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Joanna Manning is a graduate of Syracuse University and the Rainier Writing Workshop.

Her work has appeared in the Tacoma News Tribune, Travel Tacoma + Pierce County, Seattle Metropolitan Magazine Women's Health Annual, A River & Sound Review, Collateral and in content marketing materials all around the web. 

When she is not spending time with her family, she can be found working in her garden, staring off into space, burning dinner, or unearthing stories from her family history.

The gift of presence

The gift of presence

An older gentleman in Starbucks this morning kindly advised me to avoid breaking my wrist, nodding toward the brace on his hand as proof that he was an expert on such matters. I laughed and told him I'd try my best, at which point he went into great detail about how he had injured himself in a recent mountain biking accident. He then showed me some of the scars he has collected over the years and noted that they were the reason he had to settle for doing "stupid safe shit" (such as mountain biking, I suppose) in his old age. When he was through with his inventory, he sighed and said, "You've probably broken a few bones during this journey of life, so you know how it is." Then he put his hand on my shoulder and said, "As beautiful as you are, I'm sure you've broken a few hearts at least." 

I had to overlook some things about this interaction to be sure. Like the fact that the heart is not a bone or that the man was carrying a white cane. . .Still, I was happy to oblige his flirtation. There was an undercurrent of loss to his voice that resonated with me, fond as I am of all things melancholy. I knew that he was really asking me to see him, to picture more than just an old man in a coffee shop; he was asking me see the entirety of his life, to imagine who he was in his more daring and virile youth. We all seem to be starving for real human interaction these days, to be genuinely seen and heard. We live hyper-connected but isolated lives. If I can do nothing else to combat this sense of isolation, I can at least offer people my full attention and my whole heart. When a stranger strikes up a conversation, I always engage.

Once, again while in the coffee line, a man behind me took note of my USAA card and asked how I was affiliated with the military. I wasn’t in a very social mood at the time, and I had considered giving a terse reply and letting my body language do the rest of the talking. However, he mentioned that his son was stationed at Ft. Rucker, which I knew was a hub for Army aviation, so I engaged. I asked if his son flew helicopters for the Army. He did, in fact, and this man could not have been more pleased to spend a few moments putting his pride for his son on full display. I was unexpectedly filled with joy to witness this.

On another day, I ran into an acquaintance who I knew was deep into the preschool years with her children, ones that tend to swallow up a mother’s sense of self. I leaned into that and asked how she was getting on in life, not the mama part or the wife part or the preschool president part but how the selfhood part was getting on, and she began to cry. We hugged and talked and shared pieces of ourselves on the sidewalk of our city and then went on about our day, feeling heard and understood. On any given day, I might encounter several people who wind up crying in my presence, not because I have asked anything particularly personal, but because I have asked about them—the real them—at all. This is engagement. This is connection. This is what we’re missing.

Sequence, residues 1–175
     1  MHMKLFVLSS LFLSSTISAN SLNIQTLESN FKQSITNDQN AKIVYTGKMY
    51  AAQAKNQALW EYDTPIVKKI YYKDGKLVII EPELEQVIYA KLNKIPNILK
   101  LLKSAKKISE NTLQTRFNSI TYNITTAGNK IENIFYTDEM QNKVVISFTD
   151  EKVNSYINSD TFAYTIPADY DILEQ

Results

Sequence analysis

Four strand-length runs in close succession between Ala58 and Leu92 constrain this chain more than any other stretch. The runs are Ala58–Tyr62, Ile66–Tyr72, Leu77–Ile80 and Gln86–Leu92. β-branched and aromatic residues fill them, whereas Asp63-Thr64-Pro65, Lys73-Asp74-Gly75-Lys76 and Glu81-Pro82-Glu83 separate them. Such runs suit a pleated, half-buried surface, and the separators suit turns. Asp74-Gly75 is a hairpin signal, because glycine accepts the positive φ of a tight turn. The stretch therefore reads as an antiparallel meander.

I came to understand real isolation when my husband was deployed to Kyrgyzstan years ago, leaving me to care for our infant son alone. I relied on the kindness of strangers to see me through the lonely days and months. My conversations with grocery store clerks and baristas often extended beyond the typical pleasantries that are expected of such interactions, which I was conscious of, but no one ever denied me that one thing I was clearly desperate for: connection. It is such a fundamental human need that we instinctively turn toward any opportunity to connect. That is why I am always talking to strangers, a secular ministry of sorts, tending to the unspoken sorrows so many people carry with them and sharing in joy when it is offered to me.

Recently, I was thinking about how to characterize what I do with my life beyond the typical work-related responses, and I came up with this: I create spaces for authentic connections through meaningful conversation. And I think this is what I do by my nature. I save space. I leave pretense behind. I show up.

Showing up. Is this what a purposeful life is built on? I’ve been struggling with the impossible questions lately, ones about meaning and purpose that we all seem to come to around middle age—maybe earlier for those with a philosophical bent—but no matter what ideas I toy with for how to live, I always land on this fundamental principle of presence: presence in and gratitude for the moment, presence with the people around me, presence in the work of each day. These interactions with strangers, ones that can often feel like sacred moments of communion, have helped me to understand that a life of purpose is a life of presence. And I will keep showing up for it.

Always carry a hankie

Always carry a hankie